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Zebra Jumper (Salticus scenicus)

Detailing the physical features, habits, territorial reach and other identifying qualities of the Zebra Jumper

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Bright stripes on a dark abdomen stand out on the Zebra Jumper, adding character to this charming little spider.

Updated: 01/06/2022; Authored By Staff Writer; Content ©www.InsectIdentification.org
Like other Jumping Spiders, the Zebra Jumper is small, but hoppy. It can leap far distances, relative to its size, in order to pounce on prey or escape a predator. The dark brown color of the body provides good contrast to the creamy stripes on the sides of the abdomen. These stripes may almost connect in the middle. Two curvy, ivory spots mark the cephalothorax, almost touching at the midline to create a 'U' shape. Sandy brown pedipalps covered in hairs sit at the front of the face; they are not a 5th pair of legs.

This European import has made a home in most of the continent. Its peak season for sightings is in early summer when males and females are trying to mate and reproduce. Look for them outdoors or even inside. Thanks to its small size and stealthy nature, it is more likely to find you than the reverse.©InsectIdentification.org

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General Characteristics

Capability, Shape, Texture/Pattern, Benefits, Dangers
Hairy insect icon
Jumping insect icon
Striped or banded insect icon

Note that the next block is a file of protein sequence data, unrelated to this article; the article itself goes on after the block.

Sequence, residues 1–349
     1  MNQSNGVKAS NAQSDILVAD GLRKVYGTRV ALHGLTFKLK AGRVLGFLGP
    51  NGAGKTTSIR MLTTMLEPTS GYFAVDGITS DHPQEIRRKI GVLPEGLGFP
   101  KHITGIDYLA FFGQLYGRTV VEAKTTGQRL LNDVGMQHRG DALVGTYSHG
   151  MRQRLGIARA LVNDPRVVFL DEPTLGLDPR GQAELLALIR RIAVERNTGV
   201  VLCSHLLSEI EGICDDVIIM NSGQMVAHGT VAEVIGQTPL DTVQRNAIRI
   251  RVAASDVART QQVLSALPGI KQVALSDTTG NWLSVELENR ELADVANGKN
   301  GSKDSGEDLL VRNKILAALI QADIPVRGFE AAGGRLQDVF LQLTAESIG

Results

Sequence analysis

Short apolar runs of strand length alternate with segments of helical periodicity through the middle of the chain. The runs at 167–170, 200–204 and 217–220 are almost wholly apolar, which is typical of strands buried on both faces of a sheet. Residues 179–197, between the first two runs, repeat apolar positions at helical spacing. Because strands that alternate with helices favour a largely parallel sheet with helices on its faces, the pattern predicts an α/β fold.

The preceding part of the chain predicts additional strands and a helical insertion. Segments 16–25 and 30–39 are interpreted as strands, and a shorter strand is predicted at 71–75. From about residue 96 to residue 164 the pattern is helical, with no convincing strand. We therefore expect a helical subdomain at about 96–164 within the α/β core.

Taxonomic Hierarchy

Species Breakdown
Kingdom: Animalia
  Phylum: Arthropoda
    Class: Arachnida
      Order: Araneae
        Family: Salticidae
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          Genus: Salticus
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            Species: scenicus

Identifying Information

Size, Colors, Features
Scientific Name: Salticus scenicus
Other Name(s): Zebra Spider
Category: Spider
Size (Adult; Length): 4mm to 7mm (0.15" to 0.27")
Colorwheel Graphic Colors: brown; ivory; white
Descriptors: tiny; small; jumping; leaping; hairy; stripes

Relative Size Comparison

Typical Size Between 4mm (0.2in) and 7mm (0.3in)
Lo: 4mm
Md: 5.5mm
Hi: 7mm

Territorial Map*

U.S., Canada, and Mexico
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Territory map graphic of the country of Mexico
Contiguous United States shape map layer graphic
Prince Edward Is.  
* MAP NOTES: The territorial heat map above showcases (in red) the states and territories of North America where the Zebra Jumper may be found (but is not limited to). This sort of data is useful when attempting to see concentrations of particular species across the continent as well as revealing possible migratory patterns over a species' given lifespan. Some insects are naturally confined by environment, weather, mating habits, food resources and the like while others see widespread expansion across most, or all, of North America. States/Territories shown above are a general indicator of areas inhabited by the Zebra Jumper. Insects generally go where they please, typically driven by diet, environmental changes, and / or mating habits.
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